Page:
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Tuesday, February 28, 2012

Masa 14, Part Deux

For this Part Deux, Official Friendof DCWD Talia and Official Girlfriend of DCWD Texas wanted to start the day off with a birthday brunch (before a night at CityZen, of course). We wandered ourneighborhood, until we settled on the admittedly trendy Masa 14.

The Food

Masa 14 offers a $35 all-you-can-eat-and-drink brunch, which we partook in for this meal. Spoiler alert: if you are part of a group of ladies who brunch, or are looking for a bottomless boozy brunch where you can linger, this is a decent deal. Otherwise, you are stuck playing catch-up, knowing that you have to make it up to at least five dishes/drinks a person just to break even. This factor explains the sheer amount of food that we covered here. On the one hand, it’s nice to see the size of the portions. On the other hand, it means you’re best going a la carte unless you plan to hang around for a bit.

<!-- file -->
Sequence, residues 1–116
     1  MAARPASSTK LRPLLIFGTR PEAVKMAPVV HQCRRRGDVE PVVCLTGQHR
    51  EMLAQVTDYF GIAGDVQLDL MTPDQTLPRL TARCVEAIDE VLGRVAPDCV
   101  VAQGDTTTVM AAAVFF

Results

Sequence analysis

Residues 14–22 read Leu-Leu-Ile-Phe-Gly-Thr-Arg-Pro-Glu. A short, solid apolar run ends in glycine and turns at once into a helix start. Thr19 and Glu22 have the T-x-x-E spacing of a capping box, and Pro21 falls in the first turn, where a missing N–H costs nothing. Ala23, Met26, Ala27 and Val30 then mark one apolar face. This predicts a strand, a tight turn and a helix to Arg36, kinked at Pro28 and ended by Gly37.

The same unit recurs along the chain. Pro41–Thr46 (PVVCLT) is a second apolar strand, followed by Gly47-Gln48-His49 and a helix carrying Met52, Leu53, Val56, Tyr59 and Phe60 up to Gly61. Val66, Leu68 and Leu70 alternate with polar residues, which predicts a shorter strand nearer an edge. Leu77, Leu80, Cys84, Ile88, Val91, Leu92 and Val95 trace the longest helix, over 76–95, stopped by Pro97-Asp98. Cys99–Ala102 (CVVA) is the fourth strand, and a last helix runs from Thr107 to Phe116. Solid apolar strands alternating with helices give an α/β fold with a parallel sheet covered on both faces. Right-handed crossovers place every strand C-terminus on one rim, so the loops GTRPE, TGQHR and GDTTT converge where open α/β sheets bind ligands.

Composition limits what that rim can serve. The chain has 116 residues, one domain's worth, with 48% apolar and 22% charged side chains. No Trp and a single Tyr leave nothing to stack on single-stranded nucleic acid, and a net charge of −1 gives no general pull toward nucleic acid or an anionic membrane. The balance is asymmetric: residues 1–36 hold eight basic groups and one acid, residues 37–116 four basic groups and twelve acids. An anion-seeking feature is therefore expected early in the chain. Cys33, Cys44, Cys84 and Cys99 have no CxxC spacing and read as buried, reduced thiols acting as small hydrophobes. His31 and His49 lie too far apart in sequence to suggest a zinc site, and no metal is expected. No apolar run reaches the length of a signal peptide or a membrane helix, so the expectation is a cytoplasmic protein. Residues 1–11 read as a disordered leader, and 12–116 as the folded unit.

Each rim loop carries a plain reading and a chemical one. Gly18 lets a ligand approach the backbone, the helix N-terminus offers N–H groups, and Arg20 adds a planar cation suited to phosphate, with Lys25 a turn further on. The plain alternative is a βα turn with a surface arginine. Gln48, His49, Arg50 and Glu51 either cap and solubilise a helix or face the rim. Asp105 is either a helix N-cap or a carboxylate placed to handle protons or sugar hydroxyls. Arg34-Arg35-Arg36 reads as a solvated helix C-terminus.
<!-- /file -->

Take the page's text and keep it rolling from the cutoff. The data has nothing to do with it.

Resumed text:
Dishes started arriving fast and furious, which to me says they’re already pre-cranked out, a fact which probably accounts for a variance in dish quality. The first to come out was an arugala salad topped with seared tuna and avocado, and drizzled with wasabi (also normally bacon, but you know, pescetarians). The tuna was nice, but nothing distinguished this from any number of tuna tartares we’ve had at any number of restaurants.

This was a similar issue for the breakfast pizza (egg yolks, gruyere, pico de gallo, and arugala, and also again normally bacon). Compared with other breakfast pizzas, which marry the eggs and arugula and toppings into its thin crust, this seemed perfunctory at best, and boring at worst.